A review of Defeating Jihad. By Serge Trifkovic.
Regina Orthodox Press, 2006. (Available from Crossroad Books in Melbourne – crossroadbooks.com.au)
Serge Trifkovic is fast becoming a leading authority on Islamic militancy and how to respond to it. His The Sword of the Prophet (2002) was an important look at militant Islam. In this sequel volume to that incisive work, Trifkovic continues his hard-hitting analysis coupled with a sober realism about the struggle we are in.
This volume is broken into five parts: a brief review of Islam, its founder, its beliefs and practices, with special reference to Jihad; a lengthy examination of the crisis in Europe; an assessment of conditions in America; the global situation; and a series of proposed solutions.
Taken together these five sections offer a comprehensive and informed overview of the nature of Islamic Jihad and the response of the West. The book offers, in short, a workable understanding of, and plan for, an effective response to the war on terrorism.
And the author is quite right to begin by assessing the threat. A good deal of the problem lies in the fact that many Western intellectualoids refuse to even admit that there is a problem, or are much more inclined to blame the West for the current crisis.
For example, the “9-11 Commission”, the US Government report on terrorism, does note that Islamist terrorism is the main worry, but then goes on to argue that the reformist wing within Islam needs to be encouraged while the fundamentalist wing needs to be resisted.
But Trifkovic argues that this distinction between a real, peaceful Islam and a violent Islamic aberration is false. Jihad and terrorism, argues the author, are intrinsically imbedded in the Koran, hadith, and Sharia. The jihadists are fully acting in accord with their faith. Thus the real question is not, Are there moderate Muslims? Yes there are. But the question to really ask is, Is Islam itself moderate and peaceful? Trifkovic thinks not. Thus talk of reforming Islam becomes a questionable, if unobtainable, goal.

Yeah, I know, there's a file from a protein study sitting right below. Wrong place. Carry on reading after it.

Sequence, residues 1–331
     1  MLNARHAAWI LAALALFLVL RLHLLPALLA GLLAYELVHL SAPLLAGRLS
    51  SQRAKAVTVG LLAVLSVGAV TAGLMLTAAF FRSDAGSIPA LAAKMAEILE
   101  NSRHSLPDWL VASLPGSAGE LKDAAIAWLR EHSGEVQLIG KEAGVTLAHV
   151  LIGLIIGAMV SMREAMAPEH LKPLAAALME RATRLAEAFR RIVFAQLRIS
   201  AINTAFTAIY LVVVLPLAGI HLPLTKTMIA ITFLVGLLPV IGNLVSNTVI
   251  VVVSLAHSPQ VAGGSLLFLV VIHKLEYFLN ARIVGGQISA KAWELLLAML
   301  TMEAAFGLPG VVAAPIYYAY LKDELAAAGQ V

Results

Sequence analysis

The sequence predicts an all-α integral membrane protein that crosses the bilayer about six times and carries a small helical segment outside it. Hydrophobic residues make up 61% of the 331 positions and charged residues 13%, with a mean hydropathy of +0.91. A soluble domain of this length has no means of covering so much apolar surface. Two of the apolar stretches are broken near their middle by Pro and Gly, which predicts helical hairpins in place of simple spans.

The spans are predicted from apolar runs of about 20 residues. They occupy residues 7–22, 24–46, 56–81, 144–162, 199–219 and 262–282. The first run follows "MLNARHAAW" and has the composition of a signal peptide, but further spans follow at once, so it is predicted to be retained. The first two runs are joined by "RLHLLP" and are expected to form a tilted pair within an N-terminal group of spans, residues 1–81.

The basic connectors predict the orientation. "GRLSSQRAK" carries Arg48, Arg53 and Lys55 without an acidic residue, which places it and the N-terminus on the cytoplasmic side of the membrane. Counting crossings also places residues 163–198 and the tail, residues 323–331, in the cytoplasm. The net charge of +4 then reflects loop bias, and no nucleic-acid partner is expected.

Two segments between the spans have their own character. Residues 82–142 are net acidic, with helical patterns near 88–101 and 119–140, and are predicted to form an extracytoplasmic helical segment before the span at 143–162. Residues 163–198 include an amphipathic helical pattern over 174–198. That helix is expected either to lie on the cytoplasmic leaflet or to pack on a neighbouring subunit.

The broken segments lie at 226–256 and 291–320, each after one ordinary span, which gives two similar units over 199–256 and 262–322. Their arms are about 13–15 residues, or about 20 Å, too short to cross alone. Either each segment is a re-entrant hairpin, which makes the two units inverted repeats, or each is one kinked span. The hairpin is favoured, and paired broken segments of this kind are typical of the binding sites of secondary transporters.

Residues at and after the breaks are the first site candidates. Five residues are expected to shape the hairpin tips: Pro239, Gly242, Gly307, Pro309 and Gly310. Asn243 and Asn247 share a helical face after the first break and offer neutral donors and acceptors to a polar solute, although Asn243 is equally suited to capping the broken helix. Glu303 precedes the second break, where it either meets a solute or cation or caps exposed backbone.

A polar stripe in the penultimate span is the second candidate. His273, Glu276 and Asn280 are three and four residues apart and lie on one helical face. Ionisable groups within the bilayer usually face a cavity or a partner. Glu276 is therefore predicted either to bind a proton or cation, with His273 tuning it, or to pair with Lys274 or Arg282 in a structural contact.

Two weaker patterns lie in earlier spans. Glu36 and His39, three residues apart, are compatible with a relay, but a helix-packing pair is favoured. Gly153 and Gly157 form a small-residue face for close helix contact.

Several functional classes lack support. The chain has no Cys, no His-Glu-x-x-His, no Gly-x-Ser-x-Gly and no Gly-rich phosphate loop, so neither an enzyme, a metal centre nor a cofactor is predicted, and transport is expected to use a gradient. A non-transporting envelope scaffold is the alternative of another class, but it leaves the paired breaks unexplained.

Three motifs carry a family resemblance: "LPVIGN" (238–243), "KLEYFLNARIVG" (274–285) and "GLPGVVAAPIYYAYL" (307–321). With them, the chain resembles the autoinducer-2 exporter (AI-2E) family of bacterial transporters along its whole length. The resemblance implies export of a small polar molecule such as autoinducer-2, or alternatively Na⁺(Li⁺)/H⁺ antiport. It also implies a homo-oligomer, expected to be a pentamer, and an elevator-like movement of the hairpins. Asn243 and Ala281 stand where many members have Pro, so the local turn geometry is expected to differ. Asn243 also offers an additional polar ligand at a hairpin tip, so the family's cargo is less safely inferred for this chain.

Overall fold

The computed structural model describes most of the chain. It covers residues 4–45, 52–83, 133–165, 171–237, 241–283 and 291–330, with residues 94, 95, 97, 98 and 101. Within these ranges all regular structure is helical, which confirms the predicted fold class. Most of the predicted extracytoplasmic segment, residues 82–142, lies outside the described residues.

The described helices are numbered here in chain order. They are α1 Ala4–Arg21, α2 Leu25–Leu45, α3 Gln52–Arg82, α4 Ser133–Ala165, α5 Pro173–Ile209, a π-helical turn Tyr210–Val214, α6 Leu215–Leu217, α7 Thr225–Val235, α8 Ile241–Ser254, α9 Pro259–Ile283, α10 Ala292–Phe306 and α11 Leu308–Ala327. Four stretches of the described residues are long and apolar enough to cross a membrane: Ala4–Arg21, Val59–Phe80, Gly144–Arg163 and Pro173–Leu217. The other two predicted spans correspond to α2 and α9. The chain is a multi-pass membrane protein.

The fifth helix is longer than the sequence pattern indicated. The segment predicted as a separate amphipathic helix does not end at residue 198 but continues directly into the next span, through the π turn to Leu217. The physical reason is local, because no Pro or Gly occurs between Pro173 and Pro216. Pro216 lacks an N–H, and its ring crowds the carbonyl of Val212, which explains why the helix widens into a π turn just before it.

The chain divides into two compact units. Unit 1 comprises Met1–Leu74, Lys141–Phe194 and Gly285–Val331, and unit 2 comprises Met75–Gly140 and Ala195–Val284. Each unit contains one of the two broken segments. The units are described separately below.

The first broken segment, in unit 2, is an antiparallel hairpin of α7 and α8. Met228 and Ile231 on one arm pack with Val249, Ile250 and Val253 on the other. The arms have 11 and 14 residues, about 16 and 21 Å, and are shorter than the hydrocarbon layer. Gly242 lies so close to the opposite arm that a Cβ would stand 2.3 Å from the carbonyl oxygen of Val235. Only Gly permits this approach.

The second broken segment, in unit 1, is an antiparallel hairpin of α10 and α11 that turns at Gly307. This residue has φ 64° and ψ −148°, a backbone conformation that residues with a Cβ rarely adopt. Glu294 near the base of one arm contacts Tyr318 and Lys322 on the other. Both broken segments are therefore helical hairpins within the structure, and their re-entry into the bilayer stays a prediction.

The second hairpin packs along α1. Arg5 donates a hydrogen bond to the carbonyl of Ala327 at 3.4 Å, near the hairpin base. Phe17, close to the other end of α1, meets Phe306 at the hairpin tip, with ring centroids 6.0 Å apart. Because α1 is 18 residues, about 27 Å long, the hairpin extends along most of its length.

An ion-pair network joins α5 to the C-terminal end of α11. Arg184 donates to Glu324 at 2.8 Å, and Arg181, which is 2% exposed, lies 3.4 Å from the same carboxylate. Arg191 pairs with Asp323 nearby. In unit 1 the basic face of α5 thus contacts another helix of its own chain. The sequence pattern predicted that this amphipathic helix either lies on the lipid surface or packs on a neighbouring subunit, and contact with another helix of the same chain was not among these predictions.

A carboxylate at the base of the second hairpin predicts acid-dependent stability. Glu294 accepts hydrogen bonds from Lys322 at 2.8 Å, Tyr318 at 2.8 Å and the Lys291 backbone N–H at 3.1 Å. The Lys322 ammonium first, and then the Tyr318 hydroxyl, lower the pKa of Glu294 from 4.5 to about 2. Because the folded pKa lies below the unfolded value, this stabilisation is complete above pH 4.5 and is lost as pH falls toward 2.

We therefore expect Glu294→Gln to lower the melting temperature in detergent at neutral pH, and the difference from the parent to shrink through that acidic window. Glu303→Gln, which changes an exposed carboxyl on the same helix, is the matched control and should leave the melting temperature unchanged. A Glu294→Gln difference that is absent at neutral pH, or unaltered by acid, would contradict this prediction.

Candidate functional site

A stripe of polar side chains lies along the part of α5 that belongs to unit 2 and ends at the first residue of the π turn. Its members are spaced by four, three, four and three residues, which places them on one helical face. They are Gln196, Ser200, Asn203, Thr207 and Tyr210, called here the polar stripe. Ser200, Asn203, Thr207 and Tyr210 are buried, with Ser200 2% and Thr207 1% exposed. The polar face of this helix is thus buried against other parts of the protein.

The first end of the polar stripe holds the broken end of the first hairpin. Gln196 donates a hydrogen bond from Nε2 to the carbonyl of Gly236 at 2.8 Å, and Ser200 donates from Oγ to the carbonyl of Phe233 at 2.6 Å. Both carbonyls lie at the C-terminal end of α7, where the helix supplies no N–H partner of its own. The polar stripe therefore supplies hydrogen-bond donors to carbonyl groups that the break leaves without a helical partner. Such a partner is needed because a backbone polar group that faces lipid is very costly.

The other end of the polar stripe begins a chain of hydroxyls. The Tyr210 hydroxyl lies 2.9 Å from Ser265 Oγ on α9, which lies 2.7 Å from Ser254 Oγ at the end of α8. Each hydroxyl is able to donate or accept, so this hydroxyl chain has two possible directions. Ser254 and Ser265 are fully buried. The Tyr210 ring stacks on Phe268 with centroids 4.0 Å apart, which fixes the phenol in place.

It is this understanding of the real nature of Islam that explains so much about the current crisis in Europe and the incredibly weak and short-sighted Western response. Europe is quickly becoming Eurabia because most Westerners do not understand the real nature of Islam. Peace in Islam can ultimately come when all of the Dar-al-Harb (world of unbelievers) is converted – one way or another – into the Dar-al-Islam (the world of Islam). Thus Islam is in a permanent state of war with the Western infidels until it finally reigns throughout the globe.
While the European response has been woefully inadequate, the American response has not been much better. Basically a policy of appeasement at home and saber-rattling abroad is in place. Fear of offending American Muslims has resulted in a superficial response at home. Foolish notions of tolerance, diversity and multiculturalism have failed to deal with the Islamic threat. Moreover, the West fails to understand that Muslims are unable or unwilling to properly assimilate and integrate into the West. Instead, Muslim conclaves are springing up all over the West, with the inevitable tensions which follow.
And US foreign policy has been confusing at best. Washington seeks to placate and cozy up to various Muslim states, often with counterproductive outcomes. Trifkovic doubts that the democratization of the Middle East is possible. Just as it was delusional to believe in détente with the former Soviet threat, so the idea of exporting democracy to the Islamic world is fraught with danger.
Like the Marxist world before it, the Islamic world is totalistic and implacably hostile to co-existence with the West. And for democracy to be exportable presupposes a framework of ideas that are amenable to it. Islam is fundamentally anti-democratic. The rule of Sharia law alone is the Islamic ideal – democracy is simply heretical.
Trifkovic offers a number of proposals to at least contain the Islamic threat in the West. He favours racial and ethnic profiling as a sensible and necessary feature of our security. He believes mosques should be monitored, sermons examined, and all preaching be conducted in the host-nation’s language.
He believes that Islamic activists should be denied citizenship, or that it be rescinded if already given. He urges Western nations to follow the lead of Switzerland which has one of the toughest naturalization policies in the world. You cannot even apply for citizenship in Switzerland unless you have first lived there for 12 years, paid your taxes, and have no criminal record.
Other get-tough measures are proposed. But the author concludes with a more important requirement. The West needs to know itself. What does it believe? What are its values? What does it stand for? And it needs to realize that the historic, core Western values are ultimately not compatible with the Islamic worldview. Say Trifkovic, “Islamic beliefs, ideas and intentions as such pose a threat to our civilization and our way of life”.
Thus the author reminds us that the first step in dealing with the war of terrorism is to recognize the fundamental differences between Western ideals and Islamic ideals. And then we need to ask ourselves, which are worth preserving and defending? Which are worth fighting and resisting? Unless the West can accurately and carefully answer those questions, it will not be well prepared to cope with the terrorist threat – nor with any other major threat for that matter.